Scott Hed: The revised draft Bristol Bay Watershed Assessment was released on Friday, April 26.  This science-based document outlines the existing values found in Bristol Bay (ecological, economic, cultural, etc.) and seeks to identify the risks to those values posed by mining proposals in the Nushagak and Kvichak River watersheds.  The first draft was released in May 2012 and received over 223,000 public comments (overwhelmingly – 95% - in favor of EPA protecting Bristol Bay).  The first draft was also peer reviewed by an independent panel of expert scientists.  EPA took the feedback from the peer experts and the public comments and sought to strengthen the document.  This revision did a number of things.  It clarified the proposed mine scenario – based upon information submitted by the mining companies themselves.  It considered the cumulative impacts of development beyond simply the proposed Pebble Mine (which is the most well-known proposal), because beyond Pebble there are 1,000 square miles of mining claims lying in wait.  That’s something a lot of people don’t realize: If Pebble were permitted, it would likely be the proverbial “foot in the door” and other mines would crop up in the region – changing things forever, in a big way.  The revision also confirmed just how unique the Bristol Bay region is relative to the significance of the salmon fishery.  And it reached the same conclusion as the first draft: Mining in this region will have significant impacts on Bristol Bay’s salmon ecosystem, and the culture, jobs, and economy it supports.  We believe it confirmed what we’ve said all along: Wrong mine, wrong place.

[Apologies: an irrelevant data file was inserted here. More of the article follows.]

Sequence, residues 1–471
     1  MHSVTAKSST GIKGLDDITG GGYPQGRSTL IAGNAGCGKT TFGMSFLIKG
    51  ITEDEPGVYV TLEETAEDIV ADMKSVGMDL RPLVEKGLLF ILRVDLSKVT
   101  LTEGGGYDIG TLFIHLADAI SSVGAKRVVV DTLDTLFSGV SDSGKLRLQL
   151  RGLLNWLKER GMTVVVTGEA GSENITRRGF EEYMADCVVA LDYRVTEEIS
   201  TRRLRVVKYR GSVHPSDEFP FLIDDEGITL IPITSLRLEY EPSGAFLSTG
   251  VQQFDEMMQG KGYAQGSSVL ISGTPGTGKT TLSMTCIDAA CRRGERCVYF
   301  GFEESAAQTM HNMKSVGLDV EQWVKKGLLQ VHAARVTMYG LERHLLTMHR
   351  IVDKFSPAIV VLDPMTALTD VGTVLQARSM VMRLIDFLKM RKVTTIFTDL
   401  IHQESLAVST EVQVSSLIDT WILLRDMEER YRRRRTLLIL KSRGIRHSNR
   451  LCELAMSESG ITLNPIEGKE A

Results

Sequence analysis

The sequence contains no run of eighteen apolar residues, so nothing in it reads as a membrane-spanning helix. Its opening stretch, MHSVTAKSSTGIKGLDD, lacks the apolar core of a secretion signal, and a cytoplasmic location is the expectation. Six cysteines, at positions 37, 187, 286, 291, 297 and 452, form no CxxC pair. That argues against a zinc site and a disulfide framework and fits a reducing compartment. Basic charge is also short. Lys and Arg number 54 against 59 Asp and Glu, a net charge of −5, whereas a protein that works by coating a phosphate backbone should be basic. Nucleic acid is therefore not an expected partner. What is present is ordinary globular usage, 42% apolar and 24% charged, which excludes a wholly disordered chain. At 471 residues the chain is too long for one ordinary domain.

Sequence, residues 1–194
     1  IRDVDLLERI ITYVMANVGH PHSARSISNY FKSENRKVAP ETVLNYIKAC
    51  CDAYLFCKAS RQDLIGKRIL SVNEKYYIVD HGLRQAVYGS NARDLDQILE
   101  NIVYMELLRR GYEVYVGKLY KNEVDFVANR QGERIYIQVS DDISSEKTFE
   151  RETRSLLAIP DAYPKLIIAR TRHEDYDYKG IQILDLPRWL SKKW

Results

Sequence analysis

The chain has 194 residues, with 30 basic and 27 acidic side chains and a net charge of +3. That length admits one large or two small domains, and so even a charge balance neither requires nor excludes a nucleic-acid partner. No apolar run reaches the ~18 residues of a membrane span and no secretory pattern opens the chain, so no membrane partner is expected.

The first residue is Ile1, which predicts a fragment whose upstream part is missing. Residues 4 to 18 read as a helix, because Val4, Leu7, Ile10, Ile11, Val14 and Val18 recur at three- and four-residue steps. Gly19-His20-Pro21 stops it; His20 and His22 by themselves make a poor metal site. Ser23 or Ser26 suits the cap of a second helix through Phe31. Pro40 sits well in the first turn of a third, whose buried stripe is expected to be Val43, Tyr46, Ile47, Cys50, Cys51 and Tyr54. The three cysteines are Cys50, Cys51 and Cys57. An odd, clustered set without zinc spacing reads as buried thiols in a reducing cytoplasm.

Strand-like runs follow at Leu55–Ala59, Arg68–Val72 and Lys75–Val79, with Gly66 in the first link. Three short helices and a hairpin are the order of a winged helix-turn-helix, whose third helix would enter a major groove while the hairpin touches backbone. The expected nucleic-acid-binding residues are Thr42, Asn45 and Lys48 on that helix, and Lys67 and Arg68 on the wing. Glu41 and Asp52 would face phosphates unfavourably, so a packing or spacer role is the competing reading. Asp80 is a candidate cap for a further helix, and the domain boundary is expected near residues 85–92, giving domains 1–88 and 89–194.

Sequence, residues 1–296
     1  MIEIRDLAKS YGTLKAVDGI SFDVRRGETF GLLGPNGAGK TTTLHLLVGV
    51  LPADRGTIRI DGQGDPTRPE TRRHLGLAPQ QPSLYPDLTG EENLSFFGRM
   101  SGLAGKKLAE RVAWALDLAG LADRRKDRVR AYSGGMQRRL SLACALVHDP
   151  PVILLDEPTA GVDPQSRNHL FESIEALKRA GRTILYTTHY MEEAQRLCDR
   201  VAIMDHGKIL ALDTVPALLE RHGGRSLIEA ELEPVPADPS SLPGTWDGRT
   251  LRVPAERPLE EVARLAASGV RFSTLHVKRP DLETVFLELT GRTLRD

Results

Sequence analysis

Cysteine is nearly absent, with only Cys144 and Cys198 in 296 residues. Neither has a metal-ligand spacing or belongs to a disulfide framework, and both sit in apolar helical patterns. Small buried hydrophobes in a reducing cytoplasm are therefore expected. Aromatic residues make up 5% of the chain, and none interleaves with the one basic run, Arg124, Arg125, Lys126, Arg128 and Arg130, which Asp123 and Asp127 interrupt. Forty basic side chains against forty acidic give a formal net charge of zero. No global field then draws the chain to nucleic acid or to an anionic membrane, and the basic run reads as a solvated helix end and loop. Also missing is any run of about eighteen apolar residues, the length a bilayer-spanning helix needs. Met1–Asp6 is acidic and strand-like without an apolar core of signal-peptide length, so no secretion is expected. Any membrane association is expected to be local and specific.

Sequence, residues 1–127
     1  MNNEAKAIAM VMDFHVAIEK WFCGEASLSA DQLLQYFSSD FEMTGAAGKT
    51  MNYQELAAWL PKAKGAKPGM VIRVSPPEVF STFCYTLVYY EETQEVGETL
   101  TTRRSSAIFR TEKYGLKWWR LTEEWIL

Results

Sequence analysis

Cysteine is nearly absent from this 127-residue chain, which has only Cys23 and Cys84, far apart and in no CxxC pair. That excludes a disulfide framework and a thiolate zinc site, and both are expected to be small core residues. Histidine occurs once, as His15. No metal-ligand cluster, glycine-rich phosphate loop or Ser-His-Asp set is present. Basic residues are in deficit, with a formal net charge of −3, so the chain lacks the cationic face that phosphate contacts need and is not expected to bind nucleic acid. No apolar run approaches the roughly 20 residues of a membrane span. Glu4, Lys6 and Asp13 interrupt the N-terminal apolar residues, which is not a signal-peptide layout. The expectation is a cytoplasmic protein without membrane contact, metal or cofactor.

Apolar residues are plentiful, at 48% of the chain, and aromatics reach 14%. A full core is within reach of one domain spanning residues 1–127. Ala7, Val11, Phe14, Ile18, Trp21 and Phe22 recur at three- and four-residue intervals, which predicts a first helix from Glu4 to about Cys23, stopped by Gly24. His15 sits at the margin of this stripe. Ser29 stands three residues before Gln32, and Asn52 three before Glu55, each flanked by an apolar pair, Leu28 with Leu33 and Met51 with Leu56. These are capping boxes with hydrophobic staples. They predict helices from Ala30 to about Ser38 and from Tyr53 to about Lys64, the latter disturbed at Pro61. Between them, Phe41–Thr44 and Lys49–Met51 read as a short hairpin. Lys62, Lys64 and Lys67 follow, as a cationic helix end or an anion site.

American Angler:  What’s the biggest challenge still facing efforts to protect Bristol Bay?

Scott Hed: While the revised draft Bristol Bay Watershed Assessment highlights that mining in Bristol Bay will not be good for salmon, residents of the region, commercial fishermen, or sportsmen, the document itself carries no force of law.  The challenge will be to convince President Obama that the EPA needs to take action to protect this incredible place once the final version of the Watershed Assessment is released later this year.

American Angler:  Why should anglers who have never been there or may never go care what happens in Bristol Bay?